No doubt, essential fatty acids are of extreme importance. There is more to them though.

Prostaglandins

LNA and LA are metabolized into eicosanoids. Eicosanoids can be further classified as Leukotrienes, Prostaglandins, Thromboxanes. For the purpose of this article, we will only examine prostaglandins.

Prostagladins are hormone like chemicals that regulate cellular activity. Prostagadins (PGs) are categorized into one of three groups, depending on which fatty acid they were metabolized from. The groups are, Series 1 PG's, Series 2 PG's, and Series 3 PG's.

Series 1 PG's

Series 1 PG's are formed from Gamma linolenic acid (GLA), (Which is converted from LA). Series 1 PG's are labeled as "Good" prostagladins. This is because they improve blood circulation, lower blood pressure, decrease inflammation, among other cellular functions [3]. Perhaps the most crucial effect is preventing arachidonic acid (AA) from being released by cells. The reason why this is so important is because AA is what makes Series 2 PG's.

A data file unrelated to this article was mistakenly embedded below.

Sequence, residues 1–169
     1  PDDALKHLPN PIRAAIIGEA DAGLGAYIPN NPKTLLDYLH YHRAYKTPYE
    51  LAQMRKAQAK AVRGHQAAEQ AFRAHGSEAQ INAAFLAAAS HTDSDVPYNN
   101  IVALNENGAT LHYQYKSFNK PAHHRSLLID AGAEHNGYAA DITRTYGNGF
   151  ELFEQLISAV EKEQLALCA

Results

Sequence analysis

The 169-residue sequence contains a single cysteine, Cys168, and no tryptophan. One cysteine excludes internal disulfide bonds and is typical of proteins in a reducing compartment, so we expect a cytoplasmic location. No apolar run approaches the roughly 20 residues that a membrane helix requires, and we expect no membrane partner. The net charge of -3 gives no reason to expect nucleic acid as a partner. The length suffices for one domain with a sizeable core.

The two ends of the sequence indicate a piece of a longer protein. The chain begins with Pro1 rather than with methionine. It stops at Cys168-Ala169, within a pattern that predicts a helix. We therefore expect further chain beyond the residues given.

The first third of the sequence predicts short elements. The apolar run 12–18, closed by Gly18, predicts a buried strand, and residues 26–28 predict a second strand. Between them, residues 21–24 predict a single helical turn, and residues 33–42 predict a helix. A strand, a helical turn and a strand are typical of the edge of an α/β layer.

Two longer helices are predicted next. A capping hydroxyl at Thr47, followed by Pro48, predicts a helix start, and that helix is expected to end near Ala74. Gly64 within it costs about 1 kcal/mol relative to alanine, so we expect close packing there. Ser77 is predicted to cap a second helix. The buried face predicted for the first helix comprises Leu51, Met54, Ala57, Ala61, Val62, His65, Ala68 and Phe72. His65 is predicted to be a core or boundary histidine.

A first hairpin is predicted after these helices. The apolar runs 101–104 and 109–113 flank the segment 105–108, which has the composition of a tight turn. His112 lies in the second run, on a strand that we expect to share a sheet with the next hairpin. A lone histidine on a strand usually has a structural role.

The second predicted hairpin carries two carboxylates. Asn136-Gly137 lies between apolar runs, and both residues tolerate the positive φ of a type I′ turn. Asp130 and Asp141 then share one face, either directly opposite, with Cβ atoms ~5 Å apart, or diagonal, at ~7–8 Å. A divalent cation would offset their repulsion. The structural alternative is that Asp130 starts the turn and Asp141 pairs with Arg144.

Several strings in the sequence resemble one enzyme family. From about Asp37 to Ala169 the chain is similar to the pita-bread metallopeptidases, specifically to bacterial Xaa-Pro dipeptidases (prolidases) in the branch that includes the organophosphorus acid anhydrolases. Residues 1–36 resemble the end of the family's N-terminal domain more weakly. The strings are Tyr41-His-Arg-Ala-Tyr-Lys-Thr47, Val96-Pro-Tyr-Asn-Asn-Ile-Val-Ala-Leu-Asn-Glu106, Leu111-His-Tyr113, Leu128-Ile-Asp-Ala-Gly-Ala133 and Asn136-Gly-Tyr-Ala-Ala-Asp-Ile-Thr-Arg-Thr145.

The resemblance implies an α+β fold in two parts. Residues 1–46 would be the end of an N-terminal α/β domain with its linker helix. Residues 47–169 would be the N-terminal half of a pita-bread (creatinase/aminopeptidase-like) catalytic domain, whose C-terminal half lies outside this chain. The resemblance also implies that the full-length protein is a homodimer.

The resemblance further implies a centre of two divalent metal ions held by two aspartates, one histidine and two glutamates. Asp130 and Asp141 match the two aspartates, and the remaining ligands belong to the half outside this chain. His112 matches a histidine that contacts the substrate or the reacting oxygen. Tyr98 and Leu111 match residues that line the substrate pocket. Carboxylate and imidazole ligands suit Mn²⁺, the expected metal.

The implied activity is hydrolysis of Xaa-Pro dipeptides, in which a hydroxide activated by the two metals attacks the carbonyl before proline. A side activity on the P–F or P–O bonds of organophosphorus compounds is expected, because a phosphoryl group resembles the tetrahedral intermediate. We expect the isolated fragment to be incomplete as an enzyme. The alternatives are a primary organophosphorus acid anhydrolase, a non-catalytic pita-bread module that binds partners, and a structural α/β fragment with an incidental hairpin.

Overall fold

Some of the main reasons why Series 1 PG's are so important to bodybuilders and those concerned with their health are:

  • Muscle cell protein synthesis is increased
  • Insulin Sensitivity is enhanced (Meaning less insulin is needed to deliver glucose)
  • Elevates Growth Hormone secretion [4]

Series 2 PG's

Series 2 PG's are labeled as "Bad" prostagladins. As said eariler, Series 2 PG's are made from arachidonic acid. They facilitate sodium retention, inflammation, and the formation of blood clots [3]. Series 2 PG's also increase cortisol release, a very catabolic hormone. Anyone interesting in building muscle does not want this to happen.

Series 3 PG's

Series 3 PG's are made from EPA (Which is converted from LNA). Series 3 PG's are "Good" PG's because they also prevent the formation of Series 2 PG's.